With the harsh Himalayan winter grounding helicopters, the World Food Program has begun recruiting mountaineers to reach quake survivors at high altitudes.
The Oct. 8 earthquake that killed more than 87,000 people also destroyed the homes of 3.5 million people in northwest Pakistan and Pakistani Kashmir.
About 400,000 people affected by the earthquake live in high-altitude villages that are extremely difficult to reach by foot, creating one of the most challenging relief efforts ever.
Some areas are so remote the damage is only now being surveyed, two months after the quake. In these areas, the U.N. food agency has been relying on helicopters to deliver aid but the onset of the Himalayan winter is making that increasingly difficult.
Last week helicopters were grounded for two days because of the cold. That leaves the agency with little choice but to try to reach the villages by ground.
But because many are accessible only by mule tracks or other difficult paths, the agency has turned to experienced mountaineers for help.
Food for 1 million survivors
"We know the real harsh winter will be compounding the problems of people, especially those living in the highlands, but we will reach them," WFP official Ahmed Jamal said.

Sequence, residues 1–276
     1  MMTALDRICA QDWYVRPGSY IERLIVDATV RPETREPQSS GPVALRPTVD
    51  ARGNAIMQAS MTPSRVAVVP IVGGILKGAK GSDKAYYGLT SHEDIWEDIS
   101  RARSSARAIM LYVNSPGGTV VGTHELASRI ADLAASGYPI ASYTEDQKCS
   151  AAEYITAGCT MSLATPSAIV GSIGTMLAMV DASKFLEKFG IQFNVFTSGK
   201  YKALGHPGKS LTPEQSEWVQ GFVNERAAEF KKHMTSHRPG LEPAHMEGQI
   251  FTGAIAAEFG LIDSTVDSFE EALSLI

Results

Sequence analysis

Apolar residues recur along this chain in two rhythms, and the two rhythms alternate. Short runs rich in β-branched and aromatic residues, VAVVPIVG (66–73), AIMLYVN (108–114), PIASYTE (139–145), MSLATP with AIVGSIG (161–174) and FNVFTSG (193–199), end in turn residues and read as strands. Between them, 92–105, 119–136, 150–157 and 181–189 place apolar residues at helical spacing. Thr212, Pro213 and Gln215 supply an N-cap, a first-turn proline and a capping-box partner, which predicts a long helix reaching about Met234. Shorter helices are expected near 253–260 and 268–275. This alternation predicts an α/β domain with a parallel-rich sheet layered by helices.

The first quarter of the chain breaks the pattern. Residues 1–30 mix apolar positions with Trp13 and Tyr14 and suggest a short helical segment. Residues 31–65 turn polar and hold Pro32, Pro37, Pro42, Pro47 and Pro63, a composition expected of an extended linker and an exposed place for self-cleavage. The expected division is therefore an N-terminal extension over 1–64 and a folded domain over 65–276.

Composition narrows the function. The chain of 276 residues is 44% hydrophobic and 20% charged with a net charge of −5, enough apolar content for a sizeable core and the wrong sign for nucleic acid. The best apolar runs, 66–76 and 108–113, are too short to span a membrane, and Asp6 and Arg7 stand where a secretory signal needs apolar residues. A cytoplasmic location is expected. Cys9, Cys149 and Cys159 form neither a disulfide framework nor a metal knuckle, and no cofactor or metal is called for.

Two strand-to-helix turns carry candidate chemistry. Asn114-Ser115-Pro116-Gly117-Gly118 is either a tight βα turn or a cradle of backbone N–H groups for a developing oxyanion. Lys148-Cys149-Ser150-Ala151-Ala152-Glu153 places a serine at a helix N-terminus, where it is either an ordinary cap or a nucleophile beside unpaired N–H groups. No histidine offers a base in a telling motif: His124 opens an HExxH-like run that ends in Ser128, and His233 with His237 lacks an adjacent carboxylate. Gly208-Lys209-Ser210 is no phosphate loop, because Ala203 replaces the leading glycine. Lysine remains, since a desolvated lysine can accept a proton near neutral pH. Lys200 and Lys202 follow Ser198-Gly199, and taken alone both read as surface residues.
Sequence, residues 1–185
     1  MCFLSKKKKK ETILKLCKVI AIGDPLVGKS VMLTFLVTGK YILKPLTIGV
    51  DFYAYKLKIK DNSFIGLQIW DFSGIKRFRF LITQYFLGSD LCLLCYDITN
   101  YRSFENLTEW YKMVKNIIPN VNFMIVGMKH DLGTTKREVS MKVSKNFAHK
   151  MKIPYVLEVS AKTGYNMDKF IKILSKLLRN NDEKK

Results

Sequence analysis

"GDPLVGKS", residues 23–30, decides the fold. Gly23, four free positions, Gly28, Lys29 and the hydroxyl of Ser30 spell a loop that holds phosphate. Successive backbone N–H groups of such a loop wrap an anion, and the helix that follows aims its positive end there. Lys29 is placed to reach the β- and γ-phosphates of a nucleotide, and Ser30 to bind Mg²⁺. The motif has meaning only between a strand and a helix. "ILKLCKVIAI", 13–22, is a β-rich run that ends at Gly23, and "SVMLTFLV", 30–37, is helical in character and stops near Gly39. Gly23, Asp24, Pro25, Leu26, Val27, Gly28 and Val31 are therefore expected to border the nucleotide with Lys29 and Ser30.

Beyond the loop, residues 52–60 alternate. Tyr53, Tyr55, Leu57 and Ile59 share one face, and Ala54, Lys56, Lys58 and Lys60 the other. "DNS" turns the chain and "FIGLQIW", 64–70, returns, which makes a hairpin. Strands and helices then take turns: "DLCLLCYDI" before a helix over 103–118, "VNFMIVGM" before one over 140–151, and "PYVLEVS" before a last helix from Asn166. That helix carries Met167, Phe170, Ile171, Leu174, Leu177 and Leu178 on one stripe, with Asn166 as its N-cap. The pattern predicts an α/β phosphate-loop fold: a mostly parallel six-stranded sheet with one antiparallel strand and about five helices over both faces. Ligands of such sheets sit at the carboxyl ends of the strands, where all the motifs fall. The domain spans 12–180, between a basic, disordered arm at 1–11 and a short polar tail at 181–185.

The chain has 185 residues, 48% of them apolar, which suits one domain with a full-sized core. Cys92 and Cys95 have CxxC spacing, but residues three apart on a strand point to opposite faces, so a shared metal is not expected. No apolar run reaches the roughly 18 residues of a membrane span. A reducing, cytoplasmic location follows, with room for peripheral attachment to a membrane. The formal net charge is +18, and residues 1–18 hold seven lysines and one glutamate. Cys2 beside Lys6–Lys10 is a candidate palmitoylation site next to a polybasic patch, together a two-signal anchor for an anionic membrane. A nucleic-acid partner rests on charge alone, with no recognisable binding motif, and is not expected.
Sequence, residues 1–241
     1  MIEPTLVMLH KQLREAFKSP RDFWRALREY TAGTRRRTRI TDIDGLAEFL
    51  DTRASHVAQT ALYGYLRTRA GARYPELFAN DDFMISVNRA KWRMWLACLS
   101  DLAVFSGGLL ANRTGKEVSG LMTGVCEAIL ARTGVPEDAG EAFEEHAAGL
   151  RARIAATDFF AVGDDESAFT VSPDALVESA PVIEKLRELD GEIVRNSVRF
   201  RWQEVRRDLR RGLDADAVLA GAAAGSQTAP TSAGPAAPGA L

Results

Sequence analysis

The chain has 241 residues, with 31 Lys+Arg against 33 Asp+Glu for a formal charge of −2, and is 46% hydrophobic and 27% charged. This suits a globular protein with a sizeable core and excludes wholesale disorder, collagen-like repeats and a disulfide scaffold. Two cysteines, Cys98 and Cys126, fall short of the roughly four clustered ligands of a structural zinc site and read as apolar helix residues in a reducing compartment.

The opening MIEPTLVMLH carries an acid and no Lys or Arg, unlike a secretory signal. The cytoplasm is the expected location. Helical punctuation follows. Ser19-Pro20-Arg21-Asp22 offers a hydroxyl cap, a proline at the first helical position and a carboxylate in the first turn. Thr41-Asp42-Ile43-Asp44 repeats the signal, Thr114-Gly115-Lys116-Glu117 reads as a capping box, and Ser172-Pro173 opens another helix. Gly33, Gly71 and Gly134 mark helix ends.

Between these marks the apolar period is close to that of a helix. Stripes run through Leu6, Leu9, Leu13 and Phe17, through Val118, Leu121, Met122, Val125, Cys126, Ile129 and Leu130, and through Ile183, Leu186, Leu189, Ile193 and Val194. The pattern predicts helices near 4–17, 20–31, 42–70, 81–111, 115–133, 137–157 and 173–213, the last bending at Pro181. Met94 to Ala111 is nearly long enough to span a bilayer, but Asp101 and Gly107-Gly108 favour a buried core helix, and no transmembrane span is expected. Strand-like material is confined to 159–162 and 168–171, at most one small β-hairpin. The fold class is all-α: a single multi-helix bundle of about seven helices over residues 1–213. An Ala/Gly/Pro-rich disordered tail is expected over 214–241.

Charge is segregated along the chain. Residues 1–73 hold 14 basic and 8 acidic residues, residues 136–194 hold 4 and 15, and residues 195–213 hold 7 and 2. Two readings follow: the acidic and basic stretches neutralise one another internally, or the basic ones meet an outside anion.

"We will provide food to about 1 million survivors throughout the winter season no matter at what height they are living," he said.
The Pakistani army and other aid agencies also have employed mountaineers to assess quake damage and get supplies to those who lost their homes.
On Saturday, the WFP appealed for urgent funds, saying the relief effort is the most difficult the agency has ever faced.
WFP has accepted responsibility for feeding 1.3 million people, while 3 million are getting assistance from the government and 150,000 from the Red Cross.
Officials say they fear another disaster as the brutal winter settles in.
Pakistan's army, helped by aid workers, has built 35,000 shelters and thrown up more than 61,000 tents, but only 15 percent have been winterized, army spokesman Maj. Farooq Nasir said Monday.